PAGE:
It was a clumsy, ego-laden move that did little except expose the lengths to which a rich outfit will go to bury a story it doesn’t want aired.
Last week, the National Football League was reported to have pressured ESPN into pulling out of an upcoming report on the NFL’s sluggish reaction to the dangers of football concussions. The report will likely air Oct. 8, since the PBS Frontline program is its prime producer. But the pressure the NFL applied was bad enough to spark the attention of the New York Times, which reported that ESPN had “abruptly” pulled out of its partnership with Frontline.
When four honchos, including NFL commissioner Roger Goodell and ESPN’s president, met at a lunch last Thursday, their “combative” lunch could do little to head off the series but lots to guarantee leaked reports of the pressure.
ESPN is owned, along with the ABC Network, by Disney studios. ESPN also makes a fortune promoting and broadcasting NFL games it shows on its network. Since ESPN also has an investigative reporting unit that has made a name reporting on behind-the-scenes sports controversies, it is in the conflicted position about reporting on an entity it must also promote.
In this case, the NFL and ESPN both compounded their error by denying any pressure. ESPN put out an elegant cover story: it had asked that its logo and other clues naming it be dropped from the PBS report “League of Denial: The NFL, Concussions & the Battle for Truth” because it had “misunderstood” that it had no editorial control over the two-part production.
But in this case, where there’s smoke, there’s fire, and lots of it. There’s little use issuing a denial no one will buy. The honchos proved little. The decade-long controversy over the effect of repeated head hits in football is well known. It’s also the subject of a simmering lawsuit. It’s well accepted that the NFL was dragged by emerging evidence into accepting the idea that such hits could lead to deadly long-term brain damage. So why act like a big bully when no good can come of it? Roger Goodell particularly should have stayed far away from the four-man lunch in midtown Manhattan last Thursday that attracted the attention of several Times reporters.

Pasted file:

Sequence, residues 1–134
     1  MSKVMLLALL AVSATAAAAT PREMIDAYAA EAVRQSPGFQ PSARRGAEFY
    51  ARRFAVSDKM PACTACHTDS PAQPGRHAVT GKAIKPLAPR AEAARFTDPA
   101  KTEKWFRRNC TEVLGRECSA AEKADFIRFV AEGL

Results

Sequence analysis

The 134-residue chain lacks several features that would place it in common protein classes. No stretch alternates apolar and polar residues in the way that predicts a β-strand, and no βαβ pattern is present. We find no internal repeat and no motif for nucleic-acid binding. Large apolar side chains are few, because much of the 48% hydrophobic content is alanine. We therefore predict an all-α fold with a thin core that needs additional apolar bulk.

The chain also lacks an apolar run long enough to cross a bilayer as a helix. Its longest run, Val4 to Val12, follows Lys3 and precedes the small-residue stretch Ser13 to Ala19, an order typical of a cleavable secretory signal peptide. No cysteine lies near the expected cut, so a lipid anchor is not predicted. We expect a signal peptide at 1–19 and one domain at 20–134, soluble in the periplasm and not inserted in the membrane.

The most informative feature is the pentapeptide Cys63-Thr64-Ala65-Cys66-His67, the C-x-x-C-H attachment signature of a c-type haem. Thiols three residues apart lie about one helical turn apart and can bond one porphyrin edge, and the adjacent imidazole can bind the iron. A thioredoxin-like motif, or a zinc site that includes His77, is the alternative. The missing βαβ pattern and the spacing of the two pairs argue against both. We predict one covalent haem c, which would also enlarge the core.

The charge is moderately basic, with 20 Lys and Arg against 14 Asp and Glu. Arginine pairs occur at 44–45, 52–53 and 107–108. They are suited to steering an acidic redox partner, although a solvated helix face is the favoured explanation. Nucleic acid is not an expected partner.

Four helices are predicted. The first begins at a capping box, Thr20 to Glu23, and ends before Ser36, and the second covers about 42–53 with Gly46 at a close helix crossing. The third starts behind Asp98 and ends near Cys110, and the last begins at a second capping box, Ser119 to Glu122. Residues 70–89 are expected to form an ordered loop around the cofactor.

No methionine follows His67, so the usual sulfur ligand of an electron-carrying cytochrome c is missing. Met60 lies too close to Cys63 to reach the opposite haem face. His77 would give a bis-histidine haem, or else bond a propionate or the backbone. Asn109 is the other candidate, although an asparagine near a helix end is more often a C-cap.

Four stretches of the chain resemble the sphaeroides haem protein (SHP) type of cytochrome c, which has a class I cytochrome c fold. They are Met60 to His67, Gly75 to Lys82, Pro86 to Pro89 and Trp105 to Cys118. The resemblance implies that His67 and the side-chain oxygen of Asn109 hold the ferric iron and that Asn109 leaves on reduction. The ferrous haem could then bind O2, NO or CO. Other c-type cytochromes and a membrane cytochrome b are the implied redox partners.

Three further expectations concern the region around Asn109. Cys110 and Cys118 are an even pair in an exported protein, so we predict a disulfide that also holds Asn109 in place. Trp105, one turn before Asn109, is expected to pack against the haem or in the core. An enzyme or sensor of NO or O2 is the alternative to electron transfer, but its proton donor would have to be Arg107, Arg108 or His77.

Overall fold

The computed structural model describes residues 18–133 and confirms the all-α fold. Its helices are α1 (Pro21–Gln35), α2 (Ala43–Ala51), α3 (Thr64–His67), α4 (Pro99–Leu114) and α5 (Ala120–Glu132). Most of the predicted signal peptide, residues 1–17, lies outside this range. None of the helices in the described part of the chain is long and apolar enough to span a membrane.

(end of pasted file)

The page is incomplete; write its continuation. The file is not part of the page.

The damage went further when one ESPN official familiar with the lunch let drop that “Disney folks got involved and shut us down.”
The series is based on an extensively researched book by brothers Steve Fainaru and Mark Fainaru-Wada. They denied being pressured, but their research is all in print. ESPN insisted it “will continue to report this story,” but it walked out of the long partnership with PBS so suddenly that it caught inordinate attention.
The story will air because ESPN can’t really do anything about it by dropping out, and because all the parties are anxious to scurry underground and avoid further reputational damage. But in the end, they have illustrated again the pressures being brought on media to conceal key details from readers and viewers.
ESPN has long known of the problems posed by its dual mission of covering the NFL while also promoting it. It developed a close relationship with Pittsburgh Steelers quarterback Ben Rothlisberger, who gave its reporters lots of access. But, when Rothlisberger was hit with allegations of sexual misconduct in 2009, ESPN waited two days to report it, the Times noted.
Most telling, what’s the point of walking out of a game in the fourth quarter in which you’ve been so actively involved? The Fainaru brothers’ research was known and the program, set to air in two weeks, is mostly “in the can.” ESPN’s excuse that it had discovered belatedly that it lacked “editorial control” also holds little water. This was a full-on news collaboration. Reporters and producers on such a story work as a team, and seldom would split according to employer on key questions of news judgment, even if there were any.
It’s certain that the NFL brass has complaints about uncomfortable stories that put it in a spotlight. But the organization is at the epicenter of a multibillion-dollar industry and had best get over it. Whoever had the dumb idea of convening a lunch during the final two-minute drill should be fired, except that those with such authority were the dining perpetrators. They could do nothing but attract attention. The NFL had already headed off a fictional series about its players nearly a decade ago, the Times reported.
Blowing off steam is far different from attempting to exercise behind-the-scenes control with a risk of backfiring. Audiences don’t like to be reminded of their position as sheep to be fed what wealthy chieftains decide to permit.
The dangers of covering an event while also promoting it are also well known. The Los Angeles Times got in trouble a decade ago about a misunderstanding over the new Staples Center. Just Saturday, there was Fox, televising a big baseball game. It used the occasion to promote its new Fox Sports 1 network, which started last week. It had fans at Dodger Stadium raise one finger to salute to the new venture. Its producers must have taken special care to specify the index finger.
The writer (firstname.lastname@example.org ) is a founder of the Aspen Daily News and appears here Sundays.